It’s estimated anywhere from 3.5 to 6.1 percent of all people experience intense and irrational fear of spiders, a condition called arachnophobia.
Such people are known to avoid certain situations and places that trigger their phobia, including outdoor social gatherings, basements, and attics.
Now, an augmented reality app developed by an interdisciplinary research team led by Professor Dominique de Quervain from the University of Basel has shown itself to be effective in a clinical trial, measurably helping its users reduce their fear of spiders.
The app is called Phobys, and it can be found in the Google Play Store and the Apple App Store. The research team behind it created a realistic 3D model of a spider that can be projected into the real world to gradually expose the app’s users to situations they wouldn’t be comfortable with if the spider were real.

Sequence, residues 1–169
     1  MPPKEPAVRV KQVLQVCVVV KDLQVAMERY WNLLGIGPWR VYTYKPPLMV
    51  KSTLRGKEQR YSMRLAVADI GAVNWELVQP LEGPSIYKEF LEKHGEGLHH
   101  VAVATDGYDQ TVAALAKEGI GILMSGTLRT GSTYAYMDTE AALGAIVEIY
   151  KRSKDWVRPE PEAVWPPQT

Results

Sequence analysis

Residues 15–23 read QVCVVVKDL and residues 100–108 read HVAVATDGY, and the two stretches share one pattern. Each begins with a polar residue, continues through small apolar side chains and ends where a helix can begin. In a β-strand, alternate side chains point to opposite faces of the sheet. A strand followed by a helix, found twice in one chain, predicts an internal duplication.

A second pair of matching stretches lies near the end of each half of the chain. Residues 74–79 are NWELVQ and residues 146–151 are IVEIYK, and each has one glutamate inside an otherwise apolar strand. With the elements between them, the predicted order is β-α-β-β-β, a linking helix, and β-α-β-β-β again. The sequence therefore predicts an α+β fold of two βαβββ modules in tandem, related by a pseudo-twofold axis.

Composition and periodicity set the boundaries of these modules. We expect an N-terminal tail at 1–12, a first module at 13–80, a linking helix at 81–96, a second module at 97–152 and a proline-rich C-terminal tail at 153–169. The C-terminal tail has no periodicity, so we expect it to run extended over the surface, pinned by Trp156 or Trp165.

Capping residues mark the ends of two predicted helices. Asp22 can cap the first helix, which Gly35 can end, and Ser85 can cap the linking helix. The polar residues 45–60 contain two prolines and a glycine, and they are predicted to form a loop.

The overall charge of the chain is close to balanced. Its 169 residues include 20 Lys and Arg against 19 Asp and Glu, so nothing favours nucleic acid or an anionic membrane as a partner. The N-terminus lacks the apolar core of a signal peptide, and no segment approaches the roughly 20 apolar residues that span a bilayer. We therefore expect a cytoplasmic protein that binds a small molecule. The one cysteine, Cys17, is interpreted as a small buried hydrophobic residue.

“It’s easier for people with a fear of spiders to face a virtual spider than a real one,” explained Anja Zimmer, lead author of the study.
Zimmer tested the app in a clinical trial that involved 66 subjects and found that it took Phobys just six and half training hours to significantly lower the amount of fear and disgust its users experienced in a real-life spider situation.
Phobys is divided into nine main levels and one bonus levels. Unfortunately, only an initial arachnophobia test is available in the free version. The rest of the content can be unlocked via an in-app purchase. The app’s pricing model has earned it several negative reviews on the Google Play Store, bringing its rating down to just 1.3 stars at the time of writing this article.